Snow and Trains: Fun and Games in the Early Sixties

Alan

Alan

Waverley Road

Waverley Road

In 1962 my family were packed off to 19 Waverley Road on the Rushmore Estate, a modern area built on the old Rushmore Farm land in the mid 1920s and early 30s. For us there was a new life to be made and a wealth of new discoveries to be made, starting with the Eagle recreation ground. In the early years of the Spa, this was the site of the Ranelagh Pleasure Gardens and Nursery, but now it was a children’s play area, with a see-saw, roundabout, witches hat, long john, swings and a slide. There was a covered area with seats that we always called “The Bandstand,” and an old building that housed the toilets, a dark and dank affair that we avoided at all costs. The “Rec” itself was hemmed in by the railway track to the east and the ancient right of way behind Eagle Street to the west.

The Alley

The Alley

It was here on the estate that my brother and I discovered a wonderful game called “Alley Tick”. All the streets by the “Rec” had alleyways between them, and some had an alleyway between the backs of the houses as well. With our new-found friends, my brother and I spent hours chasing through the alleyways, sometimes getting caught in the blind alleys, but mostly running like the wind to get away until someone either gave up because they were too tired, or it was time for a different game, or time for home.

The first winter we lived in Waverley Road (1962) was one of the coldest on record and the snow lay more than deep and crisp and even for what appeared to be an eternity. We spent endless hours down the “Rec” playing in it, mainly just past the swings where the ground rose up. Someone once said that this was once the site of an old Second World War Air Raid shelter, and we piled snow up to make a kind of igloo, but only the bravest sat inside for any length of time. There were full scale snowball fights, and at the end, cold, tired and wet, we would troop home and sit by the coal fire in the front room to thaw out, usually having had a good telling-off, “You should be ashamed of yourselves, coming home in state like that”, and so on. Every year after that we looked forward to having the same amount of snow but nothing ever quite lived up to that long winter.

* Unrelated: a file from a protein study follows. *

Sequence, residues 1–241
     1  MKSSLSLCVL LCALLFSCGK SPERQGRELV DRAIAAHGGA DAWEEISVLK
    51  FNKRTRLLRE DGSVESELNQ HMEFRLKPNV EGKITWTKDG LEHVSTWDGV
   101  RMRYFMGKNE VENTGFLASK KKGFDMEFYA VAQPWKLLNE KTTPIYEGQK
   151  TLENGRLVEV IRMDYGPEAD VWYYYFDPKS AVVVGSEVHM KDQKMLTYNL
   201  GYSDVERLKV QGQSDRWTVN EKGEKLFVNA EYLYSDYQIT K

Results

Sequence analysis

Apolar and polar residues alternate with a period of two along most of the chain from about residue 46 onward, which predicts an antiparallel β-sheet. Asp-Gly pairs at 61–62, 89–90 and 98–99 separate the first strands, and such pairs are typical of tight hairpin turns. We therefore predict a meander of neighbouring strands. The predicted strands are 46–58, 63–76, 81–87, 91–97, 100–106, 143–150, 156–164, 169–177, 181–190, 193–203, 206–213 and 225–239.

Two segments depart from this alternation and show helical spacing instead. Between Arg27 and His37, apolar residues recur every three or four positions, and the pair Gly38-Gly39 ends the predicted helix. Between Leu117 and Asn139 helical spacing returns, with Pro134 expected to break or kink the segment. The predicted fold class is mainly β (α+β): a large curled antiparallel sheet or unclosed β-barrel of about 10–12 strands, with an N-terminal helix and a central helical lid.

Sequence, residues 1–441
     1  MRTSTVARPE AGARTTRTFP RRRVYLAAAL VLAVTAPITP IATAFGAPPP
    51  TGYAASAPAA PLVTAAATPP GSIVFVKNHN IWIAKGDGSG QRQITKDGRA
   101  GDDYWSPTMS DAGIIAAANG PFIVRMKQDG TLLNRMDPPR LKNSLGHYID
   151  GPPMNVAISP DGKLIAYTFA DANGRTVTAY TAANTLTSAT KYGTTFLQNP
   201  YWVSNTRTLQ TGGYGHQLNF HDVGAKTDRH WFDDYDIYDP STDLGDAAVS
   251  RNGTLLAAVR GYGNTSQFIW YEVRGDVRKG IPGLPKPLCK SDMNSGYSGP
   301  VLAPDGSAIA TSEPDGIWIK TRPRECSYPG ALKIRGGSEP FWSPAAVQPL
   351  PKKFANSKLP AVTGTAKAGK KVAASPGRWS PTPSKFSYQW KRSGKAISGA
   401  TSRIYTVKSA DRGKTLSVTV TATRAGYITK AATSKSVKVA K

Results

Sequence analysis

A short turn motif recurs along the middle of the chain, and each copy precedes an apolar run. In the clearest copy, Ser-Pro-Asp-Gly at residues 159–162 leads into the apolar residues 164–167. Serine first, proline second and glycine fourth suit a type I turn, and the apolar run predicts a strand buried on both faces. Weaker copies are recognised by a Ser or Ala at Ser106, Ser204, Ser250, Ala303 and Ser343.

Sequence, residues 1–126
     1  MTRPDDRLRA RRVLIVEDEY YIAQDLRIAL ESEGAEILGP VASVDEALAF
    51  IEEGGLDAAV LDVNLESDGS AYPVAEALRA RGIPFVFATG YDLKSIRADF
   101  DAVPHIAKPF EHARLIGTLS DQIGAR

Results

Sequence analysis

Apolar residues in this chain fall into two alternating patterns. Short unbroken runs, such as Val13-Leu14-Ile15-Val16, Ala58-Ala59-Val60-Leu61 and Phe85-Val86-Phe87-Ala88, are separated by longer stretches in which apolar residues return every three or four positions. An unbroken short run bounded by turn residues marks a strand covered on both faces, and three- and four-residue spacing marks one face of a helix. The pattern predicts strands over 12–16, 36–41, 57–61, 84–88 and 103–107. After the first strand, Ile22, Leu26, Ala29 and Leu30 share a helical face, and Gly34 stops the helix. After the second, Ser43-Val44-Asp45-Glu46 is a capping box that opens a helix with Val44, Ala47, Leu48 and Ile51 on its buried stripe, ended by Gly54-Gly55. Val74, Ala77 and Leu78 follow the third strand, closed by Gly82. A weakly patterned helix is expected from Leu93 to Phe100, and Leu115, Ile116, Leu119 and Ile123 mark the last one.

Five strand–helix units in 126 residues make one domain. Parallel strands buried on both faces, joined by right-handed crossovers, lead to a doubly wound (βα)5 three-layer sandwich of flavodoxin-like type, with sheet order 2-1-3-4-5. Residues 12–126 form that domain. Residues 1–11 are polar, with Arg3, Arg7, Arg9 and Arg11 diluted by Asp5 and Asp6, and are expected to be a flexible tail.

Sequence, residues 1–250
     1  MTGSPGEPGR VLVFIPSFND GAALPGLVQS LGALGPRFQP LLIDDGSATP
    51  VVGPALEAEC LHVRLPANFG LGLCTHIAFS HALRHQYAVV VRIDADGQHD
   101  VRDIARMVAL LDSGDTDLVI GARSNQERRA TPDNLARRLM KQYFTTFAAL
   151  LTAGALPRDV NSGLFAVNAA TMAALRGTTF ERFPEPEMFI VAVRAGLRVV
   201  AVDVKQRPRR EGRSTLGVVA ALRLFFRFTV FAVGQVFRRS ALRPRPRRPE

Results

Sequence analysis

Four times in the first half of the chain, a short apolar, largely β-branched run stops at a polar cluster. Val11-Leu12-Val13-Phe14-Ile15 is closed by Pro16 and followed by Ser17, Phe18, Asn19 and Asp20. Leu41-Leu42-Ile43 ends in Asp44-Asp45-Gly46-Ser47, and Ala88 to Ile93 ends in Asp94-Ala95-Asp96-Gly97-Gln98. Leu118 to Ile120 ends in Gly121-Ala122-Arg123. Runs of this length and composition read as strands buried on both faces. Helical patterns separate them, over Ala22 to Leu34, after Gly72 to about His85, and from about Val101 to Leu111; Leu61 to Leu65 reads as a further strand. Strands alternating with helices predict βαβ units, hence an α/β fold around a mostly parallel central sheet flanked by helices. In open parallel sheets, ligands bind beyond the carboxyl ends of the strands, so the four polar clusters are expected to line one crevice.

Summers were also spent at the Rec. As soon as the grass had been mown we would gather up large piles of it, split ourselves into two groups and have a full scale grass war, the winners being the ones who had more grass than the others when it was deemed time to call it quits. No one really cared who the winners were, it was all fun, winning or losing and no one ever got hurt.